Apple has conquered the wireless world with the iPhone and iPad. Now they want to do to the cable industry what they have done to the wireless carriers. Forced them to get bigger pipes to deliver more big file content, more quickly. The announcement yesterday about streaming video is a dream come true for those of us in the streaming media world. And it's well timed. Add to it that more and more Apple devices can now handle this type of content more easily, all the way from laptops down to iPods, iPads and iPhones, and you have a perfect storm scenario that the providers of connectivity have to be ready for. In my view the cable industry is, but the wireless world is not. The only solution is WiFi.
Docsis 3.0 can deliver speeds up to 100 megs to the home. That's more than enough to do what Apple is doing with the concept of on demand video. But the wireless carriers are between the proverbial rock and a hard place as they can only build out so fast, while the cable guys simply lay more fiber. This is why Cablevision has had the right idea, and why Comcast and Time Warner are jumping on the WiFi bandwagon too. And, contrary to the perception that access to WiFi needs to be free, the cable operators are only letting their paying customers on the WiFi networks, and from all reports from friends in those MSO's areas with WiFi, the experience is nothing but as good as being at home.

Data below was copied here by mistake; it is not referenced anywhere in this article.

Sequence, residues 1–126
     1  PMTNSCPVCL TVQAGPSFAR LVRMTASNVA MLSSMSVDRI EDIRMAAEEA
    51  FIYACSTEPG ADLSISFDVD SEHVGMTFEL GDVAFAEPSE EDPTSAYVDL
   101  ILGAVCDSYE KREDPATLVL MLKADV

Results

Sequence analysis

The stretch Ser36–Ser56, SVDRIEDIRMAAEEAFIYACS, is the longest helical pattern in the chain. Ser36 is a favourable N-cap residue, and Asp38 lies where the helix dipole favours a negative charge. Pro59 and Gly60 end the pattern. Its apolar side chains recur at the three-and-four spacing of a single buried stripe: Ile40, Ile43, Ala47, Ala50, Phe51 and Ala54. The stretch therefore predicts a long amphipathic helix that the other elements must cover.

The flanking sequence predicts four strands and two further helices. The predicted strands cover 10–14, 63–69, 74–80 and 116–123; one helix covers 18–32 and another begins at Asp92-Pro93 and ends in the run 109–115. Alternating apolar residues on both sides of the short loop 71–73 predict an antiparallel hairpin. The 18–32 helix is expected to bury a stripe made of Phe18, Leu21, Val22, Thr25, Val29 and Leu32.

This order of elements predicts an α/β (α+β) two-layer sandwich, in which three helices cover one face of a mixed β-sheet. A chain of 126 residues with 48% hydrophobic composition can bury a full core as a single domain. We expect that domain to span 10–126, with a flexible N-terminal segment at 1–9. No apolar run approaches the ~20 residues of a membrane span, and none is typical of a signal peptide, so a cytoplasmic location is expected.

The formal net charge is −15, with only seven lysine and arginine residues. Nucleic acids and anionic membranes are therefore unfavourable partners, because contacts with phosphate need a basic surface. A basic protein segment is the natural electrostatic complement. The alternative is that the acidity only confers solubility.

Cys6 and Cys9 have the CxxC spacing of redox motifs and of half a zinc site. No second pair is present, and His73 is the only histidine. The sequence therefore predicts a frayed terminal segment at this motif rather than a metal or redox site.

This is where Apple is seeing it's future. Not simple over 3G and 4G though having a CLEARwire, Rover or unlimited AT&T wireless broadband account just got more valuable as the concept of content on the go, on demand shifts the entire paradigm around consumption. Currently Verizon Wireless sells their 5GB bundle for $59.99, which includes hotspot access where the download capacities are unlimited. That's about four HD one hour TV programs or two feature films. Like the cable operators, both AT&T and Verizon have recognized the need for WiFi offload. But Sprint and T-Mobile have both forsaken that path as Sprint selling of their limited WiFi business to Boingo and T-MO basically shutting down their WiFi efforts other than to maintain some legacy airports, airport lounge and hotel accounts. For AT&T they had to go out and buy Wayport, while Verizon has figured out how to creatively deliver hotspot access to their wireline broadband customers while their wireless data card software for PC's and Macs manages access to many hotspots as well.
But when you see Steve Jobs call the iPod touch a phone, not once but twice, you know Apple is saying "find anyway to connect, we'll get you the media" and that means voice, video or audio as best as it can be.